This development is supposed to be messy, just as the mocking exchanges between Morgenstern and his WASPy deputy (who actually razzes his boss as “my Hebraic friend”) are supposed to bristle with the unassimilated hostility of multiethnic New York. In fact, though, the plot is excessively tidy, and the film’s ethnic rainbow—Jews, Irishmen, and one black drug dealer—is little more than monochromatic. Unlike the New York of Prince of the City, this film is set in a place with little real conflict: When Sean despairs of being the moral exemplar he so wants to be, he’s cheered by the words of his new pal, Vigoda.

Though Mark Isham wouldn’t have been ripping off Philip Glass on the soundtrack 16 years ago, Night Falls on Manhattan is otherwise musty. That doesn’t mean the film is without its hammy pleasures: Sean’s courtroom questioning of Washington is entertaining, if utterly pat. Indeed, despite Lumet’s insistence on authentic New York locations, the film is more compelling on the courtroom sets than in the streets. Brisk, theatrical, and contrived, Night Falls on Manhattan has less in common with Prince of the City or Serpico than with Lumet’s one-set debut, 12 Angry Men, which turns 40 this year.

1997 also marks the 30th anniversary of The Graduate, which means the film was originally released in—well, the math is easy enough. But somehow it doesn’t quite add up.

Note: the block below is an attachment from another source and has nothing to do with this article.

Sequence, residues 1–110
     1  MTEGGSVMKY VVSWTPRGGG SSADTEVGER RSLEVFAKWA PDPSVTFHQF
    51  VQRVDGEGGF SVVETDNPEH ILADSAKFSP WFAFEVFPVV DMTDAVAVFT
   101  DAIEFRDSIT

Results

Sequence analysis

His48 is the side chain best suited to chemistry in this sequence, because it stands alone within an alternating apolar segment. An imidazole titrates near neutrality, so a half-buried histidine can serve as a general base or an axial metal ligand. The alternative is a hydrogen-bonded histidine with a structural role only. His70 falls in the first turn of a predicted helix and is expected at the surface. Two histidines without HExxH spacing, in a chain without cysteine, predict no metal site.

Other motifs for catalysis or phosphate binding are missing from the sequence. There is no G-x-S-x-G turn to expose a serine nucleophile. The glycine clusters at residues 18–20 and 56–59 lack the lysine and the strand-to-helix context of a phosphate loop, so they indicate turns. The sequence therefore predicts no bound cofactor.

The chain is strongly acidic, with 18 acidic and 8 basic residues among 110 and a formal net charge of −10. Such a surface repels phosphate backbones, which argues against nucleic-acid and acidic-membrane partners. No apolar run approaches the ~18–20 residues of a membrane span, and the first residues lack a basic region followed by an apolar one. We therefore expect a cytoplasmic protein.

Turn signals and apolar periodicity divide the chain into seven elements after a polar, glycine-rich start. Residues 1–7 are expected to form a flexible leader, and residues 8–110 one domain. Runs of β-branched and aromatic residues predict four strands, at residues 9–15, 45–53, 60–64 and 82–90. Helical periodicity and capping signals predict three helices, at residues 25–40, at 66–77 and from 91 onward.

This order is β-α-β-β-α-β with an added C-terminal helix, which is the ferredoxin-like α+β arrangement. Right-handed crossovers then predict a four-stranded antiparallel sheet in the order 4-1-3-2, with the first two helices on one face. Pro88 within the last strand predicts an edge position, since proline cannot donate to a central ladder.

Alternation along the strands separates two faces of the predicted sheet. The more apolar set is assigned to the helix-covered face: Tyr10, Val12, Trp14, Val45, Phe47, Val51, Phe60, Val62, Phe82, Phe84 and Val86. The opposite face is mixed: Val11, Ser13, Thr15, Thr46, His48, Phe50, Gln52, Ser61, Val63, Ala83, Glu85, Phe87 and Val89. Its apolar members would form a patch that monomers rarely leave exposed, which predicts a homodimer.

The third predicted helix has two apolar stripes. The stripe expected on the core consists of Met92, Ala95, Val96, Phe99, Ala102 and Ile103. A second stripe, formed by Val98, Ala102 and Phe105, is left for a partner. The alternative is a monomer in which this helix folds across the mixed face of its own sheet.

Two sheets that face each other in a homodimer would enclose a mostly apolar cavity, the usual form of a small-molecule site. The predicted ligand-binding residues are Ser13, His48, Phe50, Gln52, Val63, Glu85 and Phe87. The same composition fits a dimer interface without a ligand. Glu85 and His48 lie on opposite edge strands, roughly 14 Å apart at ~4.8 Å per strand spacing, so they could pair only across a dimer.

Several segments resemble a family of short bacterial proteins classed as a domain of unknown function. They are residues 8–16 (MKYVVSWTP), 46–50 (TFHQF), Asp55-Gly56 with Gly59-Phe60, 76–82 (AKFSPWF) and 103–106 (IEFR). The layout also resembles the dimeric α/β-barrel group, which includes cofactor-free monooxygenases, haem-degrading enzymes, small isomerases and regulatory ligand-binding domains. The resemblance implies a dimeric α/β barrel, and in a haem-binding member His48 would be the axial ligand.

Nearly everyone knows the plot of the film, which was adapted by Calder Willingham and Buck Henry from Charles Webb’s novel. Benjamin Braddock (Dustin Hoffman) returns home to Los Angeles after a brilliant tenure at an unnamed (but presumably prestigious) Eastern university. Suddenly aimless, he briefly resists and then encourages an affair with Mrs. Robinson (Anne Bancroft), the wife of his father’s business partner. At the insistence of his parents (William Daniels and Elizabeth Wilson), Benjamin glumly arranges a date with the Robinsons’ daughter, Elaine (Katharine Ross). He tries to appall her by taking her to a strip club, only to decide that he loves her. Over Mrs. Robinson’s drastic objections, Benjamin sets out to marry Elaine. When the Robinsons arrange a hasty match with a bland, blond med student, Benjamin busts up the wedding.